3. The company is willing to pursue the collective bargaining agreement provisions for obtaining a medical determination of Mr. Andrews' ability to perform as a stockman. The issue here is whether Section 503 of the Rehabilitation Act of 1973, as amended and its implementing regulations require the company to hire Mr. Andrews. There was doubt as to whether Mr. Andrews met the definition of a qualified handicapped individual for the position of stockman under 41 CFR 60-741.2. Conrail sent Mr. Andrews to several medical experts in order to resolve this question. Those physicians determined that Mr. Andrews' limitations prevented him from performing the duties of stockman. Even his personal physician recommended some restrictions on his activities. Mr. Andrews, however, insisted that he was capable of performing the duties of stockman. In this instance, Conrail chose to abide by two opinions of the medical experts rather than that of the complainant. Such a choice is permissible under 41 CFR 60-741.6(c)(2). Section 503 of the Rehabilitation Act of 1973, as amended, and its implementing regulations require companies to consider handicapped people on the basis of their qualifications for positions which they can perform. Conrail is not, under law, required to offer Mr. Andrews a specific position.
This concludes the Department's review of this complaint and exhausts the administrative procedures under the Act."
On November 30, 1983, Andrews initiated this action against Conrail in the district court claiming that Conrail failed to reinstate him in violation of the Fifth and Fourteenth Amendments of the United States Constitution, Article I, Section 1 of the Indiana State Constitution and sections 503 and 504 of the Rehabilitation Act of 1973, 29 U.S.C. § 793, 794. Subsequently Conrail moved pursuant to Rules 12(b)(1) and 12(b)(6) of the Federal Rules of Civil Procedure, to dismiss the action for lack of subject matter jurisdiction and failure to state a claim upon which relief could be granted. Specifically, Conrail alleged that (1) section 503 of the Rehabilitation Act of 1973 provided no cause of action to correct alleged discrimination against handicapped persons by a federal contractor, (2) Andrews failed to state a cause of action under section 504 of the Rehabilitation Act, since he did not allege that Conrail was a recipient of federal financial assistance, and, in any event, Andrews' claim under section 504 was barred by the statute of limitations and (3) Andrews' allegations of due process violations under the federal and state constitutions failed to state a cause of action, since Conrail is neither a federal nor a state agency, and no state action was involved. Shortly thereafter, Andrews filed a motion and was granted leave to file an amended complaint adding the United States Department of Labor as a necessary party to the action to challenge the Department of Labor's disposition of his section 503 complaint as arbitrary and capricious.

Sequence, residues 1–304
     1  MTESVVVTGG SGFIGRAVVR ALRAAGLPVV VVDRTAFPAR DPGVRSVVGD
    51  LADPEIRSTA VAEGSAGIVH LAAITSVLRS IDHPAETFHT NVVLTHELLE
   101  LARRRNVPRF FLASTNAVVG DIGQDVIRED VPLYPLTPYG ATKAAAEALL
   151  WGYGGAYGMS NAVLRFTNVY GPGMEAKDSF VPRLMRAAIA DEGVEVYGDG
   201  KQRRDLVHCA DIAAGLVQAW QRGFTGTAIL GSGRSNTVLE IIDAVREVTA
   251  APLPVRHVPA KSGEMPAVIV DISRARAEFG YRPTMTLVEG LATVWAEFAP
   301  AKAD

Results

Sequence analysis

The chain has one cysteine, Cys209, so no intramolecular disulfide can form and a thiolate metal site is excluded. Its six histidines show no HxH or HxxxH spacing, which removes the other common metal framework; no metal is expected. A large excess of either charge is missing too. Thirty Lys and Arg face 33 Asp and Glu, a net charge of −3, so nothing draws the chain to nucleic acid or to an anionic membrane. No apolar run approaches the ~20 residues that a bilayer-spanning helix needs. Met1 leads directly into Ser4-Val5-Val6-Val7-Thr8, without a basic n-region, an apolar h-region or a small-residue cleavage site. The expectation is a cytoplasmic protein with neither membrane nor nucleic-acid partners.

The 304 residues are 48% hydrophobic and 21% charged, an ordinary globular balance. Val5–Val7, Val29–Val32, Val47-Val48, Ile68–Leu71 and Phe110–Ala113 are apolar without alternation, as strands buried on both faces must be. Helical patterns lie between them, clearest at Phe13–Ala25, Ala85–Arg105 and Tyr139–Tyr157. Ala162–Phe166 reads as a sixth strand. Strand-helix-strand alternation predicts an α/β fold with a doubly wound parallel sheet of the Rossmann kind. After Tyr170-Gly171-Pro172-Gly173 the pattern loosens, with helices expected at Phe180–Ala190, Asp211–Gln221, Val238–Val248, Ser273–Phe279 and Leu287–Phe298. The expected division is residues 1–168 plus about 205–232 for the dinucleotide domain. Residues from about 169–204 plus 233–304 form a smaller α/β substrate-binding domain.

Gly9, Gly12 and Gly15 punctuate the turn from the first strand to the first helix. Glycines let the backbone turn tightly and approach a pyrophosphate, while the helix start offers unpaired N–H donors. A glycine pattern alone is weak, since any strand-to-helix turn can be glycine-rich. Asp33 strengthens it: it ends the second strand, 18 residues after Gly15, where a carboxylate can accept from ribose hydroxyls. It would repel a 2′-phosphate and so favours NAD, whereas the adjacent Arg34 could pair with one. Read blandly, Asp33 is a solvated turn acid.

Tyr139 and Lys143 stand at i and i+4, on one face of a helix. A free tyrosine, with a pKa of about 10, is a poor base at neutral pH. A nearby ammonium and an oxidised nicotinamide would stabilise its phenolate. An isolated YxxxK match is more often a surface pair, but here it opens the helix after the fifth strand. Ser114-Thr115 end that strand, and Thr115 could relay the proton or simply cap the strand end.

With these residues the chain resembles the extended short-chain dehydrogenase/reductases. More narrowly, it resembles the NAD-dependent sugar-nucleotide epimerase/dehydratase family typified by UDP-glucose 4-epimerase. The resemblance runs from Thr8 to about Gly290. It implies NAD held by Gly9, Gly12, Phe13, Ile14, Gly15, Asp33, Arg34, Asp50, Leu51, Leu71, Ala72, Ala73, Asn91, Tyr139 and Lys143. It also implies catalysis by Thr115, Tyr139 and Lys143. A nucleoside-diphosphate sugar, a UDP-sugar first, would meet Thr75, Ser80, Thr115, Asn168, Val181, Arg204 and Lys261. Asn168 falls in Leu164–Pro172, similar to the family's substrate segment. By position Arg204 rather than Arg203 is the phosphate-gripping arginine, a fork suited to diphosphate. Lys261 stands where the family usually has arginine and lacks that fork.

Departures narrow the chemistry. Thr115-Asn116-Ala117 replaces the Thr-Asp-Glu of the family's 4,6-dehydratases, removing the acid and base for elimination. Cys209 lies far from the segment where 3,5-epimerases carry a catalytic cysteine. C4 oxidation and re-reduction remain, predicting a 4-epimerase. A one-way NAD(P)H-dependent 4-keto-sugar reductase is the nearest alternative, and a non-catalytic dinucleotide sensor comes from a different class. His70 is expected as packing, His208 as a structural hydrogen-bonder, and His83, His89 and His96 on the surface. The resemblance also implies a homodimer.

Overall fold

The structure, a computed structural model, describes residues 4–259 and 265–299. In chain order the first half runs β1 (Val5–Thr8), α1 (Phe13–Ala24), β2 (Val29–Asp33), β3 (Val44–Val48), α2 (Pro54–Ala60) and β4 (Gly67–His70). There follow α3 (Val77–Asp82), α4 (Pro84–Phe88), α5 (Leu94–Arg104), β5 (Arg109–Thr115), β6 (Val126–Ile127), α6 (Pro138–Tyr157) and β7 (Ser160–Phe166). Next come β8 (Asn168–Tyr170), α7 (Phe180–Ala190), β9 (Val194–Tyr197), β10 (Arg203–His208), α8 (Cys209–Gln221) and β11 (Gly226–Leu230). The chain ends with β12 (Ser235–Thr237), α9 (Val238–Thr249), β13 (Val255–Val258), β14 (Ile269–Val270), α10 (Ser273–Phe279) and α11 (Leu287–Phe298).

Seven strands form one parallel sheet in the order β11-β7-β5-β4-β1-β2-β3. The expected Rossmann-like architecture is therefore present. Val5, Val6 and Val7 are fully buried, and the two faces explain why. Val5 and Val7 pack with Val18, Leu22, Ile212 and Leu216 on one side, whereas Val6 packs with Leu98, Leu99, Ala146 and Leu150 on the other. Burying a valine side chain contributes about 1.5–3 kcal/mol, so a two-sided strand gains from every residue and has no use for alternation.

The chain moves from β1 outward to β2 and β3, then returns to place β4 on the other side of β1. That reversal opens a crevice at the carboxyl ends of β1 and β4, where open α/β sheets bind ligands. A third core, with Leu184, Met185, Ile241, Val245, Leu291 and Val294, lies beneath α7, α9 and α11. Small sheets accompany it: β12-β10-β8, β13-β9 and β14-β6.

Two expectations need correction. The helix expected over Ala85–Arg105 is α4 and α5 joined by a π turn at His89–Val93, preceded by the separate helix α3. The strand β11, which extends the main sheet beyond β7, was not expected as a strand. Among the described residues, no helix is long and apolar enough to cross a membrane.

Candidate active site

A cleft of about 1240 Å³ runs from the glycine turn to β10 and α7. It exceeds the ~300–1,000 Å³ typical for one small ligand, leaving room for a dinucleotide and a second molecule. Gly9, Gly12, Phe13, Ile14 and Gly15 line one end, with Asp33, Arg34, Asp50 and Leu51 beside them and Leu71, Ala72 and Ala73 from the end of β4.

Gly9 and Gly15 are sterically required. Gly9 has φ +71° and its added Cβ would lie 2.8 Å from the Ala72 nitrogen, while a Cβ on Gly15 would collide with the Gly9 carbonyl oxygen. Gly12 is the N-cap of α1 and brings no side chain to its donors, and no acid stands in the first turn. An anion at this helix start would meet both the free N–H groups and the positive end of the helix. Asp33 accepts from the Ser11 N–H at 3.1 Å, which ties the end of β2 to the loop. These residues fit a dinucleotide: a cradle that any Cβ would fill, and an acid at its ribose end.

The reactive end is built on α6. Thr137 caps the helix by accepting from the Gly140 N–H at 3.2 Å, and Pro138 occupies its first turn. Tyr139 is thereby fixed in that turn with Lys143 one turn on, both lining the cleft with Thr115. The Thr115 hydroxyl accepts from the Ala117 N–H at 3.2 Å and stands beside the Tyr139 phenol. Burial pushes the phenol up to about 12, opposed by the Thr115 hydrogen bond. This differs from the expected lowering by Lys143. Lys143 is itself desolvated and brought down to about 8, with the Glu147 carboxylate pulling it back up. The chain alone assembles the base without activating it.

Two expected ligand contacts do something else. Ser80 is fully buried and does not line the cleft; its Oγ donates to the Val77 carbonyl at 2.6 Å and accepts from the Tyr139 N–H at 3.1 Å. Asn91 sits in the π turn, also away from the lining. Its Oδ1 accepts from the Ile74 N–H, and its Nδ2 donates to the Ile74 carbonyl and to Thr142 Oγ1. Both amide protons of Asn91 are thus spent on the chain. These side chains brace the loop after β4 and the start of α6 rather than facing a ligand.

Section 504 of the Rehabilitation Act of 1973, codified at 29 U.S.C. § 794, provides:
"No otherwise qualified individual with handicaps in the United States, as defined in section 706(8) of this title, shall, solely by reason of his handicap, be excluded from the participation in, be denied the benefits of, or be subjected to discrimination under any program or activity receiving Federal financial assistance or under any program or activity conducted by any Executive agency or by the United States Postal Service. The head of each such agency shall promulgate such regulations as may be necessary to carry out the amendments to this section made by the Rehabilitation, Comprehensive Services, and Developmental Disabilities Act of 1978. Copies of any proposed regulation shall be submitted to appropriate authorizing committees of the Congress, and such regulation may take effect no earlier than the thirtieth day after the date on which such regulation is so submitted to such committees."
The procedures for enforcement of section 504 are set forth at 29 U.S.C. § 794a.(a)(2) and (b):
"(a)(2) The remedies, procedures, and rights set forth in title VI of the Civil Rights Act of 1964 [ 42 U.S.C.A. § 2000d et seq.] shall be available to any person aggrieved by any act or failure to act by any recipient of Federal assistance or Federal provider of such assistance under section 794 of this title.
(b) In any action or proceeding to enforce or charge a violation of a provision of this subchapter, the court, in its discretion, may allow the prevailing party, other than the United States, a reasonable attorney's fee as part of the costs."
In response to Conrail's motion to dismiss, on October 31, 1984, the district court dismissed Andrews' claims based on sections 503 and 504 of the Rehabilitation Act of 1973, the Fourteenth Amendment of the United States Constitution, and Article I, Section 1 of the Indiana Constitution. Andrews v. Conrail, No. IP 83-1888-C, Mem.Op. (S.D.Ind. Oct. 31, 1984).
Initially, the trial court found that Andrews conceded that no private cause of action was available under section 503. Second, the district court found that Andrews' claim under section 504 was barred by the two year statute of limitations provided in the Indiana Code, 34-1-2-1.5 stating:
"Since plaintiff never filed an administrative complaint under § 504, the statute of limitations on that claim began to run in 1979 when Conrail refused to return him to active employment. Measuring from the end of that year, plaintiff's § 504 action, filed on November 30, 1983, comes 23 months after the two year limitations period applicable to § 504 actions had run. Accordingly, plaintiff's § 504 claim is now time barred."